A Conservative manifesto pledge to scrap 'universal' free school lunches could see as many as 900,000 children from low-income families lose their entitlement to claim the midday meal, a leading think tank has warned.
According to analysis carried out by the Education Policy Institute (EPI) for The Observer newspaper stopping the free hot meals being given as standard to all infants aged four to seven could lead to 100,000 children from families living in relative poverty and 667,000 children from "ordinary working families" being affected.
EPI executive director Natalie Perera told The Observer: "Around 900,000 children from low-income families will lose their eligibility for free school meals under these proposals. Around two-thirds of those children are from what the Government considers to be 'ordinary working families'."
A Conservative spokesman made assurances that "all those who need it most still get free lunches".
Mrs May announced her plan to halt universal free lunches for infants on Thursday, saying that free breakfasts will be on offer instead although those from the poorest backgrounds would still be eligible to claim a lunch if needed.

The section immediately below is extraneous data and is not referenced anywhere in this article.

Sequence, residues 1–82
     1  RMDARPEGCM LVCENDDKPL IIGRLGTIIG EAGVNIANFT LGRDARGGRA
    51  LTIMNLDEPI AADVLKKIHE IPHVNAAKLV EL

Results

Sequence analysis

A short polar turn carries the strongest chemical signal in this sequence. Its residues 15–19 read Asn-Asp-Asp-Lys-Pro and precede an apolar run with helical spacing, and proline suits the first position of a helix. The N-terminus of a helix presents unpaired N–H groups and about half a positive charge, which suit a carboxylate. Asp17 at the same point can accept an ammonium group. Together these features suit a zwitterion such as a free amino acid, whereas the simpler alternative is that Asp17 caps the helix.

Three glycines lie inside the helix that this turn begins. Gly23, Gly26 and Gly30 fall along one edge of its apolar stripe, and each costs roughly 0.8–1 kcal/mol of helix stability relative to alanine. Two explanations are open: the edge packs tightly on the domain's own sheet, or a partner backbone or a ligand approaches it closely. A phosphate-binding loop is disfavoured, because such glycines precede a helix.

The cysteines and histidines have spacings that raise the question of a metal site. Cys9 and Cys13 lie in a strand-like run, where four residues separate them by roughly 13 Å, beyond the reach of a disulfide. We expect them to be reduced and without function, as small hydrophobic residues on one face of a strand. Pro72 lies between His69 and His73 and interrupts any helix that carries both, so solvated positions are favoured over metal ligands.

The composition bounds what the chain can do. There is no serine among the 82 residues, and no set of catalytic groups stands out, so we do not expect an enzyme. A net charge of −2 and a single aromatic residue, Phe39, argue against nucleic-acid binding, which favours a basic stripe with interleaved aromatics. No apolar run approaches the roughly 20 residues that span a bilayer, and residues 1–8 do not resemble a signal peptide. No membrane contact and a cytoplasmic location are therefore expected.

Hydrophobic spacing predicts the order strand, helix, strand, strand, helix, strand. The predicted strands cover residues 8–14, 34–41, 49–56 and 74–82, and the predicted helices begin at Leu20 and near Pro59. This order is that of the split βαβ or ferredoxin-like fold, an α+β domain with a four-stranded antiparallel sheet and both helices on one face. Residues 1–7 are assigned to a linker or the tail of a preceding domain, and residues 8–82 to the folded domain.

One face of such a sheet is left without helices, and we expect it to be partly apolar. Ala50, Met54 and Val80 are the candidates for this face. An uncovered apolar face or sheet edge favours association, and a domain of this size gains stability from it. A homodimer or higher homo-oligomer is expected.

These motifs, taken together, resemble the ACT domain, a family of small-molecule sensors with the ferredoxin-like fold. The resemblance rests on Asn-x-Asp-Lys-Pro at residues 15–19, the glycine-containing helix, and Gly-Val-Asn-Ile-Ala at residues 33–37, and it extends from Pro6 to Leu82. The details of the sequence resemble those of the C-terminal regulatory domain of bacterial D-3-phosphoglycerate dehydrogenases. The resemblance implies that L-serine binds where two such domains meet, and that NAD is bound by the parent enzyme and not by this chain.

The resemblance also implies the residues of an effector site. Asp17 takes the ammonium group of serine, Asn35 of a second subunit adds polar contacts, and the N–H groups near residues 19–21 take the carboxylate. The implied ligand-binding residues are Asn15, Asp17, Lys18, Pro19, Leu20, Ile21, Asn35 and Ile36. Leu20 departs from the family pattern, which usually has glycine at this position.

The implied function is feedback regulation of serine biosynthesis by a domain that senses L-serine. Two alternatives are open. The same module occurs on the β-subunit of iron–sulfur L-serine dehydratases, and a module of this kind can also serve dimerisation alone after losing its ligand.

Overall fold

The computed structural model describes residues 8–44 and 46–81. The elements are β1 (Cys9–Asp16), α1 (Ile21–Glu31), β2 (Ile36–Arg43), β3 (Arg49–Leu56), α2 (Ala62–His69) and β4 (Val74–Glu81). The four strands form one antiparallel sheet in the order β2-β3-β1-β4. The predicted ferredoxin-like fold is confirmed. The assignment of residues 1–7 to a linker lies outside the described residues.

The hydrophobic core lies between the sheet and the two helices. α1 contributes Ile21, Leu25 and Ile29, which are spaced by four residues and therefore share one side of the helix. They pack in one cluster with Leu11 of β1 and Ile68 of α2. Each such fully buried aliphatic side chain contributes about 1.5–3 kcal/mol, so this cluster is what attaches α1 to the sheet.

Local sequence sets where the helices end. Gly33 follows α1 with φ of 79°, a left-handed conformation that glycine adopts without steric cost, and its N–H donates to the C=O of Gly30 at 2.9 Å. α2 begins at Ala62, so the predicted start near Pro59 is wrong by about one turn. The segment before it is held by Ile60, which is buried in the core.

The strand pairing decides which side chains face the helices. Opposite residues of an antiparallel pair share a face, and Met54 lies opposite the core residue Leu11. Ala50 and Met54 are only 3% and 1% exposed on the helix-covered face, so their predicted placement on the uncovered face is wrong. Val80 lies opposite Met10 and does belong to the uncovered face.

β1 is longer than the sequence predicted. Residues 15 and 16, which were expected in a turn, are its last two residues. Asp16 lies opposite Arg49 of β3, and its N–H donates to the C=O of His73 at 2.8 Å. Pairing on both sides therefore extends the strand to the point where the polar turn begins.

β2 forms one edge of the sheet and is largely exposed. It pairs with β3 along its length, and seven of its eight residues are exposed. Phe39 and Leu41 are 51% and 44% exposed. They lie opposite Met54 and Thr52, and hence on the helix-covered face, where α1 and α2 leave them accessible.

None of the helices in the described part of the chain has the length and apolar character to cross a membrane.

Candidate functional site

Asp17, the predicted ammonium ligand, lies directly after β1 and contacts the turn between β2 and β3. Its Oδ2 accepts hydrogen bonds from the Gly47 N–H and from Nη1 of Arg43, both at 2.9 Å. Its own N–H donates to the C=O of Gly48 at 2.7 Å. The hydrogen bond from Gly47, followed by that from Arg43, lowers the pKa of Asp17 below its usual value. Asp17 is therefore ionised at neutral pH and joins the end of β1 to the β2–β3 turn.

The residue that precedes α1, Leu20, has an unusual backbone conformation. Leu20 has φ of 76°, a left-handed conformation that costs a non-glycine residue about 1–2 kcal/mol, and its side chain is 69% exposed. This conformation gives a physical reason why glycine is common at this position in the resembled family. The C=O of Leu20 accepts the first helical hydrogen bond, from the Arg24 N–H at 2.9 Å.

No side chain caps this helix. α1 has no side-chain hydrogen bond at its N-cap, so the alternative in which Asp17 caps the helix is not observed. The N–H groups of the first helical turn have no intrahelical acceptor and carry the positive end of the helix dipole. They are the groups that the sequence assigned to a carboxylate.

According to the Tories the move would be made if they won the election as the party "don't think it is right to spend precious resources on subsidising school meals for better-off parents".
A party spokesperson said: "Instead we will give that money to headteachers, to spend on pupils' education instead.
"We will make sure all those who need it most still get free lunches - and will offer a free school breakfast to every child in every year of primary school. So the most disadvantaged children will now get two free school meals a day rather than one."
According to research conducted by the EPI it is estimated that the scrapping of the lunch scheme would cost families £440 a year for each child affected and save government finances around £650 million over each 12 month period.